You can increase the lifespan of hot end MIG consumables by selecting the correct product.
It can be very difficult to limit the amount of spatter produced by an MIG welder without the help of certain products and solutions. The term ‘spatter’ is used here to refer to the remains of the wire electrode which have not fused with the weld puddle. It is important to control spatter, because too much can have a detrimental impact on weld results.
One of the best ways to reduce spatter, however, is to make sure that your MIG welder is set and operating correctly. In other words, do not be afraid to experiment with the different settings before you start a job – Globular welding can be avoided.
You can use a brief stitch weld pattern test to determine whether your MIG settings are suitable. If you then assess the area surrounding the weld joint and see a large amount of spatter, it is a good idea to decrease the wire speed a little and test the machine again until you reach optimum settings.
Here are a couple of product tips if all else fails:
-By dropping a hot mig welding torch into a tin of tip dip, you will prevent spatter build up on your contact tip & shroud.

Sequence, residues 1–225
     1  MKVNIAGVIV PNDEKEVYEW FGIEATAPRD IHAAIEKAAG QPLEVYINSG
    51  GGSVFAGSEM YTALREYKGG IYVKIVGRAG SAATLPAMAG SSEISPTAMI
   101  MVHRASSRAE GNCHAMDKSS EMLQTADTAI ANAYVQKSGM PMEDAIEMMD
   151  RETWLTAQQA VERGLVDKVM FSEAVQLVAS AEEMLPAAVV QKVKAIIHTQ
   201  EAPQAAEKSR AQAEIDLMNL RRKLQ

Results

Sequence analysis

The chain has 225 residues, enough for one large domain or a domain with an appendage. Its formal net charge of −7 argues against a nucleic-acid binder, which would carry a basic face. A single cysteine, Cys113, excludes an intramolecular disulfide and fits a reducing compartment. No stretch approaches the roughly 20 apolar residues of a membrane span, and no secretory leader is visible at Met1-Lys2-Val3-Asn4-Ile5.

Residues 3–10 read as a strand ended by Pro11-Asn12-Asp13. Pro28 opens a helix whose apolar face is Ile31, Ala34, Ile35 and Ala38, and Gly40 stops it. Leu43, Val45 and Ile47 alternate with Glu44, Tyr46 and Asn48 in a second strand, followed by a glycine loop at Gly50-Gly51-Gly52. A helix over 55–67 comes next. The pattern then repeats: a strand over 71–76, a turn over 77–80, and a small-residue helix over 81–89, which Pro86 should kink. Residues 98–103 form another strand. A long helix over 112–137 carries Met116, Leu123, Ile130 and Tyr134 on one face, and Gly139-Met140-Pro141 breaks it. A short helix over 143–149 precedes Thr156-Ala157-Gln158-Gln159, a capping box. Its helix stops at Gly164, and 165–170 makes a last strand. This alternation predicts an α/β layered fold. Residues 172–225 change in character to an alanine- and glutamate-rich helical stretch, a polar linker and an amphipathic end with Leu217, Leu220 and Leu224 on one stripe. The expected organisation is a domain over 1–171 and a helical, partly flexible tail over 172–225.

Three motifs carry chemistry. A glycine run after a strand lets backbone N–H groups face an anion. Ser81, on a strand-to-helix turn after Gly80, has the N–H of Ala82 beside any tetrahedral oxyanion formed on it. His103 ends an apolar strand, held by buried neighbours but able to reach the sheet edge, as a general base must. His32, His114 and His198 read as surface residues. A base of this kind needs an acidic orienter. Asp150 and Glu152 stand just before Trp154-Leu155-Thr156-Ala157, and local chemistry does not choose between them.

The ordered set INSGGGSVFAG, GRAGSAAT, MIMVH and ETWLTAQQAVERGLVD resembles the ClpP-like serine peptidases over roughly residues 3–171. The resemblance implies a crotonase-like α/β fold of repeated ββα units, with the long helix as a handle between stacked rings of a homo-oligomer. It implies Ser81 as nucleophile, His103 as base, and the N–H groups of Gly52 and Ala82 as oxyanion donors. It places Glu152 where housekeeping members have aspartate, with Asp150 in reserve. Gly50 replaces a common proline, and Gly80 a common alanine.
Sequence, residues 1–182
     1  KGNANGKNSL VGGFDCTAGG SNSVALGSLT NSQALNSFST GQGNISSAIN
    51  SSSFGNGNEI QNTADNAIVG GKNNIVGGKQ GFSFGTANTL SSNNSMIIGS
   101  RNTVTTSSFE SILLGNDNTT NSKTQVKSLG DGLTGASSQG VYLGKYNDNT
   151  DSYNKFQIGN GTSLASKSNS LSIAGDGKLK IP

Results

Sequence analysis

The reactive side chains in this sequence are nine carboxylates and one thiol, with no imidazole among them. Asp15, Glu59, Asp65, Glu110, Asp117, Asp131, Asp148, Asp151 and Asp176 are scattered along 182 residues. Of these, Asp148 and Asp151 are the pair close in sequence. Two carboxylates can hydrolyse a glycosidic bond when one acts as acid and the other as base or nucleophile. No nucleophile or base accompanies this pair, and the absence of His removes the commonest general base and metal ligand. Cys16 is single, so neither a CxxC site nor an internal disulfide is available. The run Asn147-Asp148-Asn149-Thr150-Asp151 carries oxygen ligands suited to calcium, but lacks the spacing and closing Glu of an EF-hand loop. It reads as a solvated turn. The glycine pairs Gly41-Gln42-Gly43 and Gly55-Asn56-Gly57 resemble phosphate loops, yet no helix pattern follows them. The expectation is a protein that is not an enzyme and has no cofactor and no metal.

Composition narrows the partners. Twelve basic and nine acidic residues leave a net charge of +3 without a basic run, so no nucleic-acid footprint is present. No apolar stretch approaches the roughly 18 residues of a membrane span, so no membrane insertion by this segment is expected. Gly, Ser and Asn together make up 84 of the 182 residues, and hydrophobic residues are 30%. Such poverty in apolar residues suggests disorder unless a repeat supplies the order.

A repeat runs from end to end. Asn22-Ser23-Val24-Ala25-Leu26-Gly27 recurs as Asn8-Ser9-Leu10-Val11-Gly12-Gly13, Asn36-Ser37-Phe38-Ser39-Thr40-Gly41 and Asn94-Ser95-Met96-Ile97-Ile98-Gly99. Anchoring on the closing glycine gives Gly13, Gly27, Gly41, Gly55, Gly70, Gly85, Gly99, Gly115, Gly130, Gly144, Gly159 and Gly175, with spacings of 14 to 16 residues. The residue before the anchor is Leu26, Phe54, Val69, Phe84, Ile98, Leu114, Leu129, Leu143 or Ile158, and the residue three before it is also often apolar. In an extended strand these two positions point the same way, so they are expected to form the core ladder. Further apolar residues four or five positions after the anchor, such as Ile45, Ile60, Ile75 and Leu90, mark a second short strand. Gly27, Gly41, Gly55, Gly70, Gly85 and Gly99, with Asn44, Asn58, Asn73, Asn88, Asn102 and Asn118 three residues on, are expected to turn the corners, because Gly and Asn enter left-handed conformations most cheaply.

-To reduce spatter build up on your workpiece or jig, spray Foster 360 in the area to be welded and wipe the job with a rag or wire brush it afterwards. Foster 360 is a biodegrable, non-silicone, non-flammable product with a gloopy consistency that prevents it from running into corners. A move away from solvent based anti spatter sprays means it's completely safe to use & as it's non-silicone, you can paint the job afterwards with ease.
Buy Anti Spatter Spray from Foster Industrial
If you want to deal with weld spatter in the easiest and most time efficient way possible though, there is nothing better than a reliable anti-spatter spray or dip from Foster Industrial. This kind of product could not be simpler to use, because all that you need to do is shake up the can or tin and then cover the space in which you plan to carry out the hotwork task.
It is best not to apply too much of the solution to a weld joint itself, because a surplus amount of this material can lead to minor welding imperfections and a weaker seam.